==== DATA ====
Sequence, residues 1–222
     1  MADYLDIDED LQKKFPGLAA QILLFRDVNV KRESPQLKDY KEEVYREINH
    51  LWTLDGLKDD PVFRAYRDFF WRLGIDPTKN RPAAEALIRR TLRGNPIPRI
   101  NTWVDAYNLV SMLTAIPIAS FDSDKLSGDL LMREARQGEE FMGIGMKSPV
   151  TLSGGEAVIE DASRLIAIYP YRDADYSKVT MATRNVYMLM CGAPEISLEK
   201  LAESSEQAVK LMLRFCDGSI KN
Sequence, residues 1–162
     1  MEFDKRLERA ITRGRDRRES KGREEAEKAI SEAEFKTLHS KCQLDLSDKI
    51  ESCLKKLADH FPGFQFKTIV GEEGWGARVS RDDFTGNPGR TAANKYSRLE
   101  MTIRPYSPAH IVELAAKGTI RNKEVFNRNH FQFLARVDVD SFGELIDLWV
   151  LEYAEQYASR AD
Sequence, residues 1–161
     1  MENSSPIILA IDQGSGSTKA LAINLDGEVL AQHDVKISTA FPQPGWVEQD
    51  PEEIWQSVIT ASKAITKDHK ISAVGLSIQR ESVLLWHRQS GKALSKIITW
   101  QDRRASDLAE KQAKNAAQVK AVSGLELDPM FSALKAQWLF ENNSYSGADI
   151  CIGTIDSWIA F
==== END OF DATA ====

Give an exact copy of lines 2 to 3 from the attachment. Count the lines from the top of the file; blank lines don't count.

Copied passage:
     1  MADYLDIDED LQKKFPGLAA QILLFRDVNV KRESPQLKDY KEEVYREINH
    51  LWTLDGLKDD PVFRAYRDFF WRLGIDPTKN RPAAEALIRR TLRGNPIPRI